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Denise Maloof | NCAA.com | March 28, 2014

Maloof: Just getting started

  Connor Jaeger won two NCAA individual titles last year.

AUSTIN -- It didn’t happen for Michigan’s Connor Jaeger in Thursday’s opening day of the 2014 NCAA Division I Men’s Swimming and Diving Championships.

The defending champion in the 500-yard freestyle finished third behind winner Cristian Quintero of Southern California, at Texas’ Lee and Joe Jamail Swimming Center, while Florida’s Dan Wallace finished second.

But, Jaeger, who had posted the top preliminary time, served as an unintentional spur for Quintero. The two raced in adjoining lanes -- Quintero in Lane 3 and Jaeger in Lane 4 -- and exchanged a firm hand clasp once finished.  

“I think seeing him behind me, gave me more strength every turn,” Quintero said.

Moments of victory, or loss, aren’t realized in situ.

“You never know how fast you’re going,” Jaeger had said Wednesday, by way of explanation. “But meets like this aren’t about doing a best time. It’s about beating people. That’s what you need to be good at.”

A two-time NCAA individual champion a year ago, the senior from Michigan is expected to be a huge cog in the Wolverines’ quest to repeat their 2013 NCAA title.

“Connor is one of those athletes that you just don’t coach very often,” Michigan head coach Mike Bottom said.

Despite Thursday’s disappointment, the guy known as “Jaegs” isn’t finished. Jaeger swims the mile – in which he’s seeded first – on Saturday. He’s also a member of Michigan’s top-ranked, 800-yard freestyle relay team, which competes Friday.

This is years and miles removed from a New Jersey childhood where a 6-year-old Jaeger learned to swim thanks to his family’s beach-club membership. As a 9-year-old, he swam his first competitive events for the same beach club then segued into training at the Central Jersey Aquatic Club. Eventually, high-school competition beckoned.

The latter earned him recruiters and scholarship potential, with college the logical academic and athletic next-step. And, he knew he’d like to be a Michigan Man.

“I was really impressed and almost fascinated,” he said of a Wolverines’ mystique. “I had these images of really tough guys coming out of this arctic pool – I had this romantic image of Michigan and swimming at Michigan.”

Reality, in the form of a recruiting visit, confirmed both the coaching and team unity that he preferred; also the academics. Jaeger’s a mechanical engineering major who says Michigan’s engineering program was another attraction.

“I felt at home right away,” he said.

Aided by teammates, Jaeger has added to his home during the past three seasons, using his engineering chops to design two training devices for Michigan’s Canham Natatorium. One device pits a swimmer against a rack of weighted pulleys.

The other device, according to Bottom, is, “a tow machine that pulls swimmers across the pool at a certain velocity and you can program in the velocity.”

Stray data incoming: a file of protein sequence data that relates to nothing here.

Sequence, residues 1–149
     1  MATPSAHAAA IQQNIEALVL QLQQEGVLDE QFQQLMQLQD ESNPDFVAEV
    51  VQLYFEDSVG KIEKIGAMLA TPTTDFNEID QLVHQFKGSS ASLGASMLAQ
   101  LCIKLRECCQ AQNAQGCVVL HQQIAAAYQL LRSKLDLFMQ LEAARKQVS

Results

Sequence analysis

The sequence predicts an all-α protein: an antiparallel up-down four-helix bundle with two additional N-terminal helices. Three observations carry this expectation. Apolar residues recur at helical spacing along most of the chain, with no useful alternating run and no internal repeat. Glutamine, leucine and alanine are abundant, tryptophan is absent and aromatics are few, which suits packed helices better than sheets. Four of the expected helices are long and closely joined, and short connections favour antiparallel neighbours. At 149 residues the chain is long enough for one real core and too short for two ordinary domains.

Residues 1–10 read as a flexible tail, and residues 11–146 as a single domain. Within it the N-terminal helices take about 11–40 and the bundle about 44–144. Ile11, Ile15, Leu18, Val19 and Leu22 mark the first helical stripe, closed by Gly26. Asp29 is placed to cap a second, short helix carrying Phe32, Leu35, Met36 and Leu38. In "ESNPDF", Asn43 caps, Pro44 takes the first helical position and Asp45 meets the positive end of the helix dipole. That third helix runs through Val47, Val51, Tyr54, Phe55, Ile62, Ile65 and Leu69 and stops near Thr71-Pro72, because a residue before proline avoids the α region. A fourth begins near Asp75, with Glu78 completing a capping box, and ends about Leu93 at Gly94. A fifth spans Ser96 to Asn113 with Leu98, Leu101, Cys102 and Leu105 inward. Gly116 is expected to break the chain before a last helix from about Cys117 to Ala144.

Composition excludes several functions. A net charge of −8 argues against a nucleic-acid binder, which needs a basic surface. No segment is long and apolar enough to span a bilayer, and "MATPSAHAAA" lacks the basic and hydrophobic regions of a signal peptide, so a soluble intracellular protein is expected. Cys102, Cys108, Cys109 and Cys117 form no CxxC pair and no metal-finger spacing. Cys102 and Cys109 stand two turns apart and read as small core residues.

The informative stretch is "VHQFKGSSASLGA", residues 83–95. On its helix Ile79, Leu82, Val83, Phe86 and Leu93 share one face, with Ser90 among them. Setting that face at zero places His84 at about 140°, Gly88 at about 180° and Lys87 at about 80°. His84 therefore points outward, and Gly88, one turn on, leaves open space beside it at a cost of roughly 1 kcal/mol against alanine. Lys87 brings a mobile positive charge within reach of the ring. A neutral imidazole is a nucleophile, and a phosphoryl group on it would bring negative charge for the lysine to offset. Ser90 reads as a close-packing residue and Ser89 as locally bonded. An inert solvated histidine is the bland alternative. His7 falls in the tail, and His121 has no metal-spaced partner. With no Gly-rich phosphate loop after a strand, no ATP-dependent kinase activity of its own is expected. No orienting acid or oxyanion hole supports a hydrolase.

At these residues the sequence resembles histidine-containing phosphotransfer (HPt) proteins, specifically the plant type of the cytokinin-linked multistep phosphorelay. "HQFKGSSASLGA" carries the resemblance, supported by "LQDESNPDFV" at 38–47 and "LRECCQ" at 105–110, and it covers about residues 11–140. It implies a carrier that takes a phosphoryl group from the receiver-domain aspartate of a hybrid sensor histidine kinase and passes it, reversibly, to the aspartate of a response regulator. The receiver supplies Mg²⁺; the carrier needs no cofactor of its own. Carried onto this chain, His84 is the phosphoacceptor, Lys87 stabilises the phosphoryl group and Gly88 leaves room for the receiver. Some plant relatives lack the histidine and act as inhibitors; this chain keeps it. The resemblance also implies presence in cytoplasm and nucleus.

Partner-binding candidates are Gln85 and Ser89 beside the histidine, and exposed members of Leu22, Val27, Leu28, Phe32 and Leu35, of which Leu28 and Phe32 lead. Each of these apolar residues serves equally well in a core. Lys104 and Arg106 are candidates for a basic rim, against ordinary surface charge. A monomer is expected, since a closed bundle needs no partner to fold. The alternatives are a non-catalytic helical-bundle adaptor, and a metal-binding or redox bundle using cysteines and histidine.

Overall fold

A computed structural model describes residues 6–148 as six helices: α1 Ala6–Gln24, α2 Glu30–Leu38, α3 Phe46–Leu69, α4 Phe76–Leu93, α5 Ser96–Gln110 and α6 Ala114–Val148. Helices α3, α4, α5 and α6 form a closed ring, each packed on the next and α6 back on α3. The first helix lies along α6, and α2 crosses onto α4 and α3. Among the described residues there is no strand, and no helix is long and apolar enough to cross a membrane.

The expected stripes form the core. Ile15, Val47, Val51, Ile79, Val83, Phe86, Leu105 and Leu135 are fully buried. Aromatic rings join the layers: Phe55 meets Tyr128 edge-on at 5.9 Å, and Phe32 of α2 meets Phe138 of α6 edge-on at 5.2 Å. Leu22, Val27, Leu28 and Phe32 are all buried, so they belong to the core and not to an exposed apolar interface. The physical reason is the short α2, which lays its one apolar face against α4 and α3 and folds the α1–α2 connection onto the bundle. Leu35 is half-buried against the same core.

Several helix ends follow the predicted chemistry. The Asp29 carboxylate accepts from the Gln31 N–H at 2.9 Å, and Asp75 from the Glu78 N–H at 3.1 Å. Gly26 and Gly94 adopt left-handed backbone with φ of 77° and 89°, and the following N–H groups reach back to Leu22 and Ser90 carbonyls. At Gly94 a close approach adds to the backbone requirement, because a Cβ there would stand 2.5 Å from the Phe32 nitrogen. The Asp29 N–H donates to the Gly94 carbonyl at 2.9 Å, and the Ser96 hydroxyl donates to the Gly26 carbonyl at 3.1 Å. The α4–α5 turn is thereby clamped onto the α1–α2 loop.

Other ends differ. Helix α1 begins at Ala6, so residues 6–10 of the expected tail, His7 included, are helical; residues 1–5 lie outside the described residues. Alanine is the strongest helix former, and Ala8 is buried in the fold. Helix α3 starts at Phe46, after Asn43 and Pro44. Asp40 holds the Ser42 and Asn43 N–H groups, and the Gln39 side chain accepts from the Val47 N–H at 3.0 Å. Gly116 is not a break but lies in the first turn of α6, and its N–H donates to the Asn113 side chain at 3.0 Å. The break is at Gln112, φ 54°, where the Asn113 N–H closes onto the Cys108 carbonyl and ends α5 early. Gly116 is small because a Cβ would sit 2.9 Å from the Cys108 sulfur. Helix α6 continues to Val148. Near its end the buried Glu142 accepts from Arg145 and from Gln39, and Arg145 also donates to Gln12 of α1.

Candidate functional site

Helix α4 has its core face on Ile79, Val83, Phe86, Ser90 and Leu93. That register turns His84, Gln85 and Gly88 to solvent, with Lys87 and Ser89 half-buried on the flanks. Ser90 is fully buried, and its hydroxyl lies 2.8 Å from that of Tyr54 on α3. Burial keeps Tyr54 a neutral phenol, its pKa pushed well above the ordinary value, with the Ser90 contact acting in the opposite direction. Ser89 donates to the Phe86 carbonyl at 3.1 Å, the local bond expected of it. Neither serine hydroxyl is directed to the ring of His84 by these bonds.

Those team-building and real-world applications of classroom principles are what distinguish Jaeger, who’s one of Michigan’s three team captains.

“Not just an engineer but an inventor,” Bottom said. “He’s put together some pretty fun stuff for the team. He’s a leader. He’s academically great. He’s in the community. Over and over again, he walks out in the community to make sure that he is a champion for the different causes that are around him. Any time he gets a chance to do that, he stands up for people who need standing up for. He’s a great man.”

For an Olympian, two-time U.S. National Team member and two-time NCAA champion, the Jersey boy also is modest. Bottom recalls an incident during the 2012 U.S. Olympic trials, where – as a Michigan sophomore – Jaeger was attempting to earn an Olympic berth in the 1,500 meters, where he had little experience at the time.

Seated poolside with associate Michigan head coach Josh White, Jaeger’s personal coach, Bottom recalled a preliminary swim curiously extended.

“He comes into the 1,500 finish and he flips the turn and continues to swim, and he swam another 75 meters after that turn,” Bottom said. “And when he finished and realized it, he laughed at himself, and still continued to rejoice in the fact he’d made the final.”

It was only Jaeger’s fifth competitive attempt at 1,500 meters. But, Bottom said Jaeger’s innate distance ability and loose mindset contributed to an eventual second-place finish in the 2012 U.S. Olympic-trial final. And, Jaeger finished sixth in the event in London.

“Racing is like you’re not thinking about a pace or a time, or anything,” he said. “And on that last lap you’re able to put your head down and just try to beat that person. And sometimes being a good racer helps you go fast, obviously, because if you’re racing somebody fast, you’re able to just focus on beating somebody for eight laps.

“The racers are the ones it just helps them push, or not think and not feel the pain and just swim.”

Jaeger’s strengths, per Bottom, are “a great engine” and a high pain tolerance.

“It’s a long time of pain,” Bottom said. “In the mile, he probably starts to hurt around 900 [yards] and he’s got 750 more yards of hurt that he has to push not through, but he has to actually carry with him. That’s something that really does characterize Connor. He doesn’t give up. He doesn’t quit. He does understand that life is not easy and he is going to make the most of it.”

Jaeger certainly intends to, during his NCAA swan song in Austin.

“I know there’s a lot of people in the country that wish they were at this meet,” he said. “And that makes me appreciate it that much more.”

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